The fallout from the NSA revelations continue to make the national headlines. But the impact isn’t simply limited to the government’s use of data. Last week, the Chairman of the Article 29 Working Party wrote to the Vice-President of the European Commission to express “great concern” about PRISM and related intelligence programs, including how these programs impact companies’ compliance with the U.S.-E.U. Safe Harbor Program. While the Safe Harbor does have a carve out for national security, the Article 29 Working Party “has doubts whether the seemingly large-scale and structural surveillance of personal data that has now emerged can still be considered an exception strictly limited to the extent necessary.” The letter goes on to remind Member States that they have authority to suspend data flows where there is substantial likelihood that the Safe Harbor principles are being violated.
This is only the latest in a growing group of voices in the E.U. to question whether the Safe Harbor is working. Germany’s data protection commissioner, for example, blogged that the United States data protection framework is lacking and that Safe Harbor “cannot compensate for these deficits.” And just last month, Vivian Reding, Vice-President of the European Commission, called the Safe Harbor “a loophole” that “may not be so safe after all,” and has requested a full review of the program by year-end.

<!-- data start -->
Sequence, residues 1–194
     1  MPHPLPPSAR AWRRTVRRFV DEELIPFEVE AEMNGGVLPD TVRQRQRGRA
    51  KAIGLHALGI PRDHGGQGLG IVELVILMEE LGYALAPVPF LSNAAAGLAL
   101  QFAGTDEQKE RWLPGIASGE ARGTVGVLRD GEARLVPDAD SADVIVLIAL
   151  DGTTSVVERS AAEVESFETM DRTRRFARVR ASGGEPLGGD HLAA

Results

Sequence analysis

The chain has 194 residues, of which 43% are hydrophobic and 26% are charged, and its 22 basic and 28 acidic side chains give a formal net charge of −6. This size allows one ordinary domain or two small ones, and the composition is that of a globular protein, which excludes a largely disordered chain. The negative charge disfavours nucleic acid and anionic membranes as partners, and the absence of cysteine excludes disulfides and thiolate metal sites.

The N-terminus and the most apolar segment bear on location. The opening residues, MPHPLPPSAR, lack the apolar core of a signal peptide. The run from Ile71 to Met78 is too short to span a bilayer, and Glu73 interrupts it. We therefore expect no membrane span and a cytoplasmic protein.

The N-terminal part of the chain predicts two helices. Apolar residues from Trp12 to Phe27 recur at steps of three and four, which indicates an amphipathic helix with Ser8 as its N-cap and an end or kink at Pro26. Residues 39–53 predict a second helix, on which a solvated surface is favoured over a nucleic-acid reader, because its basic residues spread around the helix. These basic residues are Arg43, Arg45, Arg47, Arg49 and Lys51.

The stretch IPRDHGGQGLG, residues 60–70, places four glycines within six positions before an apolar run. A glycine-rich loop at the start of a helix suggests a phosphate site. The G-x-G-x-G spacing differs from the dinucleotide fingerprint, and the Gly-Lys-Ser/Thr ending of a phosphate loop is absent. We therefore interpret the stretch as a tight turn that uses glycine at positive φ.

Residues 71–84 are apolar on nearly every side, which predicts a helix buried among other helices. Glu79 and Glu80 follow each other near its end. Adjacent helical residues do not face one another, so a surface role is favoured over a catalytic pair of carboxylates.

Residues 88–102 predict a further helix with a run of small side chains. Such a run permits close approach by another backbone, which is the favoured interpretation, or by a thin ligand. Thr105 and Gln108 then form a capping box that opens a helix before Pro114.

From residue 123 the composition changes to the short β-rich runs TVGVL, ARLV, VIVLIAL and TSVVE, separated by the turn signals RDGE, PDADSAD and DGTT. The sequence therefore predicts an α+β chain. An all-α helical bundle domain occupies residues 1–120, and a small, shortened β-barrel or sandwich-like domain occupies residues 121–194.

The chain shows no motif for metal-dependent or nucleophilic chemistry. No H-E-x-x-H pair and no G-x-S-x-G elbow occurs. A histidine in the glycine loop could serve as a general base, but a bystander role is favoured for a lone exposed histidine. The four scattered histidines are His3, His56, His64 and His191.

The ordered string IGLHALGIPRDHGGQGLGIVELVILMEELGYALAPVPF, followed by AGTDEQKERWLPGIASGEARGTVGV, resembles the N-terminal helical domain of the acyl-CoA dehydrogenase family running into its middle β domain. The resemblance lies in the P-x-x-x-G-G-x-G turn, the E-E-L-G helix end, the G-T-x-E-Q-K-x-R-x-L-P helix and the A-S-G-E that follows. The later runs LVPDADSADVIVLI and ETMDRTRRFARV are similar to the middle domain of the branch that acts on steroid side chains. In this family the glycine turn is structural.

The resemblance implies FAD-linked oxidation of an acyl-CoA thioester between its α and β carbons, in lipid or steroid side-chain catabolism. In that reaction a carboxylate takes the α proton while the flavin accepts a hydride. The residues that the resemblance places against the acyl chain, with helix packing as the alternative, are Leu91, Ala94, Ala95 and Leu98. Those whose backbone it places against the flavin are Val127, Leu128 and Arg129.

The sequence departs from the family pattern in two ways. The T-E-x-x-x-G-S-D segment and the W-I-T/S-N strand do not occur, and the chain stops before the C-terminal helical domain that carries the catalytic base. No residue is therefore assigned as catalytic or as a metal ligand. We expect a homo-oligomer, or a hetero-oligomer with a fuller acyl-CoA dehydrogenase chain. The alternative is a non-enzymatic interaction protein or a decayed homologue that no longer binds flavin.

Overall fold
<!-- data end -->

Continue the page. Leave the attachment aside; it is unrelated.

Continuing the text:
The Safe Harbor has been criticized in the past. For example, one 2008 report found that a number of companies were falsely claiming to be in the Safe Harbor when they in fact had allowed their certifications to lapse. However, in the years since it was last seriously assessed, there have been a number of positive developments. The FTC has stepped up its enforcement efforts and settled a number of cases for Safe Harbor violations. And, the number of companies to sign up to the Safe Harbor has grown.
We think that, in light of these concerns, it may be time to take an objective look at the Safe Harbor program. As the European Commission undertakes its review, we should examine the current protections the Safe Harbor offers, as well as the compliance and enforcement efforts undertaken by both the E.U. and the U.S. Let’s see what is working, and what isn’t. And, if there are ways to make the Safe Harbor better, we should step up to the plate and offer solutions.